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Local athlete feels the love from the drop-in centre as he gets set to represent Canada

Steve Baldamus recently brought home four medals from the Ontario Masters Outdoor Track and Field Championships
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20190624 Steve Baldamus KA 03
Steve Baldamus recently brought home four medals from the Ontario Masters Outdoor Track and Field Championships. Kenneth Armstrong/GuelphToday

A Guelph man says he has been given a second chance as a medal-winning track and field athlete after living through addiction issues and he hopes to become an inspiration to others who have gone through similar issues.

Now 59, Steve Baldamus gave up his love of track and field athletics at the age of 28 when, as he described it, ‘life happened.’

Baldamus moved to Guelph from Brampton with his son Nick about six years ago.

“The reason we moved here was because my son was starting high school and I wanted to get him out of Brampton, because I know he wouldn’t have been happy there,” said Baldamus. “I knew he needed to be in a better place, and me too.”

Nick lives with special needs and participated in a Special Olympics bocci ball event at University of Guelph. As soon as he stepped into the indoor track facility to support his son, Baldamus got a familiar rush of energy and knew he had to start competing again.

He got his chance last fall, when Baldamus was challenged to compete in the Guelph Victors Turkey Trot.

His challenger was Jennifer-Lynn Schneider, herself an athlete who has at time struggled with addiction.

“She kept telling me I had to do this,” said Baldamus. “No training, no sleep, I just thought what the hell and ran it.”

One thing led to another and Baldamus began to train seriously over the last six months or so, adding hurdles, discus and javelin to his routine.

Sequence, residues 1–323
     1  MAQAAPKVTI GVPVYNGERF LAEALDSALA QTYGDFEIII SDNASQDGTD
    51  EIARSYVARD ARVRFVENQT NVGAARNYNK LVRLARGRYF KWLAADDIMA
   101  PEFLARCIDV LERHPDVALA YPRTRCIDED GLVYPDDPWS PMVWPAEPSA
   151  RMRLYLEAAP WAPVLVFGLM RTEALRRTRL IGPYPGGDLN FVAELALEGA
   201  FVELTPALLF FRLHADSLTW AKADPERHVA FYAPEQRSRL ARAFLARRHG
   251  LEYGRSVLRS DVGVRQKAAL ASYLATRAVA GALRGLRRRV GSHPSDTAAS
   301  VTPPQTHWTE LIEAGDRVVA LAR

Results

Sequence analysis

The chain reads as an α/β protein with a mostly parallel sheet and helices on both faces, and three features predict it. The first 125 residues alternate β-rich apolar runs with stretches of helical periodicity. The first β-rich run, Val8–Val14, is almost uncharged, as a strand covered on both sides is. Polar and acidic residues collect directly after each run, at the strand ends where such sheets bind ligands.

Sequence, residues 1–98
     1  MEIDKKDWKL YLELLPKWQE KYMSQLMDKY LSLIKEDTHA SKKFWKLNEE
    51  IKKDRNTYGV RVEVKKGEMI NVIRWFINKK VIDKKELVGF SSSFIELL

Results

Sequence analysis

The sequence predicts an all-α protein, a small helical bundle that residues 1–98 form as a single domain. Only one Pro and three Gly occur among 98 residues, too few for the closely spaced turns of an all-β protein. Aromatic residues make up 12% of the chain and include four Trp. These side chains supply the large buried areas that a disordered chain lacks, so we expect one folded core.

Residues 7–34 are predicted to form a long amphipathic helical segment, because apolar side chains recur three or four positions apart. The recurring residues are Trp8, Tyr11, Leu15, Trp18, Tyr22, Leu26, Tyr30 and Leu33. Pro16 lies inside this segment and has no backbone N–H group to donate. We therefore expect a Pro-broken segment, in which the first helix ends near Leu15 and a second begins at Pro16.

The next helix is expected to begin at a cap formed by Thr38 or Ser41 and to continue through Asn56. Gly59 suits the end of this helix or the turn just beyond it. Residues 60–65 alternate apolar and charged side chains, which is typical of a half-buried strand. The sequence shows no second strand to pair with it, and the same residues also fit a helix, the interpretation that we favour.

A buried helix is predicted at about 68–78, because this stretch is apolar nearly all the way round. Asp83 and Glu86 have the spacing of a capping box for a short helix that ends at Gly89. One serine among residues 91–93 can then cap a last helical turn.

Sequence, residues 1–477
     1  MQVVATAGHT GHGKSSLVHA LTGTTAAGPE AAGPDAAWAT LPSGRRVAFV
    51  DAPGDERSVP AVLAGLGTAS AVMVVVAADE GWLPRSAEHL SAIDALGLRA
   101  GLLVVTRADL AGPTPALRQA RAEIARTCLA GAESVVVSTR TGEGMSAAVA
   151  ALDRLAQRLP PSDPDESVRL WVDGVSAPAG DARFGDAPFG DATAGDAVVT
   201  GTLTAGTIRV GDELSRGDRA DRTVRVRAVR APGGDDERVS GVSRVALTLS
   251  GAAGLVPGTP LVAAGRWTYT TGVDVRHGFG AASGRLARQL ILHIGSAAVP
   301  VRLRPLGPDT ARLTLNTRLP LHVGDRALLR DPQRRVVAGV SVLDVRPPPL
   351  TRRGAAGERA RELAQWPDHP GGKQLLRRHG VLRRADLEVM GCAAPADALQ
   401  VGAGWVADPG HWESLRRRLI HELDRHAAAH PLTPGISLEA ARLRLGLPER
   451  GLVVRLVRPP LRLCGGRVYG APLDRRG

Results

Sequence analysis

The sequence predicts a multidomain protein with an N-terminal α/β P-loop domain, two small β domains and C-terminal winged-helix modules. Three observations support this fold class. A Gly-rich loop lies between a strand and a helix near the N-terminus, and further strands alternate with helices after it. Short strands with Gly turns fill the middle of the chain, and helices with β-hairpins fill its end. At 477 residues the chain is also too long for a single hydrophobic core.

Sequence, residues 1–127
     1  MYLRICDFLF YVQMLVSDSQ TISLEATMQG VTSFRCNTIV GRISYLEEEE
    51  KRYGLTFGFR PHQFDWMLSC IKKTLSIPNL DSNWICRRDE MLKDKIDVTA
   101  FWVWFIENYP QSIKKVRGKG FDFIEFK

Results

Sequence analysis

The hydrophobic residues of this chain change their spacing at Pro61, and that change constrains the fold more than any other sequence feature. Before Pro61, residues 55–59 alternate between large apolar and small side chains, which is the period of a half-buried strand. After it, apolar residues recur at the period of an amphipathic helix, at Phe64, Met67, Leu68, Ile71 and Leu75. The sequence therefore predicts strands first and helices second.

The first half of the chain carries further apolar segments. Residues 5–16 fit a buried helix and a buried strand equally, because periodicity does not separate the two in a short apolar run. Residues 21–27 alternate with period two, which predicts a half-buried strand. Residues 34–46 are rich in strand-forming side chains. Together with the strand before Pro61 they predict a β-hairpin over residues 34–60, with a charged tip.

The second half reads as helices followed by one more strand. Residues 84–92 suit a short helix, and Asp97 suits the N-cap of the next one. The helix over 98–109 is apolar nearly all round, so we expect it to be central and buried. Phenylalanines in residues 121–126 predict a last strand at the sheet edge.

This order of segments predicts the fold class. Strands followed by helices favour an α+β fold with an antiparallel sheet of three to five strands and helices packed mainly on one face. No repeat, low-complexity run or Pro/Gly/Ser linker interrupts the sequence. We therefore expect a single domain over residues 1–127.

It paid off, as he competed in a number of mini indoor meets over the winter months.

Recently, Baldamus competed in the Ontario Masters Outdoor Track and Field Championships in the 55 to 59 age group, bringing home gold in the steeplechase and hurdles, silver in the javelin and bronze in the discus. 

“I hadn’t run competitively in 30 years,” said Baldamus. “I hadn’t done the steeplechase in 40 years.”

In the winter months, Baldamus trained for his events by running back and forth in the hallway of his apartment building. He measured it and it is exactly 100 metres. He also used the stairs in the 10-storey building to train.

Now that the weather has become a little warmer, Baldamus has been using a local baseball diamond to practice discus and javelin. Most of the equipment he uses are second-hand.

He said people passing by give him a lot of encouragement or come over to ask him what he is working on.

In four weeks, he plans to compete in the pentathlon at another event in Toronto, representing Canada at the World Masters Athletics event for the North America, Central America and Caribbean Region.

Baldamus said he is the only athlete from Canada in his age group competing in the event because he is the only person who has qualified in the five pentathlon events.

“Most people my age can’t do more than one or two. I figure I am in good enough shape and I am getting better,” said Baldamus. “I just want to compete and represent Canada.”

Baldamus said he has had to skip some events that he feels he could compete in because they are too far from home and he doesn’t have the money to go. In the winter he started up a crowdfunding page, which has so far received no money, mostly because he hasn’t been pushing it.

“I’m not one to ask for money,” said Baldamus. 

Next summer, Baldamus will be 60 years of age and the World Masters will be held in Toronto. He plans to once again compete for Canada at the event.

“That is the big thing I am looking forward to, because I will be 60 then and the hurdles get lower, the distances get shorter and everything gets lighter,” he said.

Competing on the world stage is giving Baldamus one more incentive to stay clean.

“At the World’s you have to get drug tested. Once I do it once they can test me out of competition, so I have to stay clean,” he said.

Baldamus said he feels like the people in his community are cheering him on when he goes to Chalmers Community Service Centre or the Drop-In Centre.

“I am trying to be a bit of an example to show them they don’t have to waste their life away, there’s other things to do,” he said.



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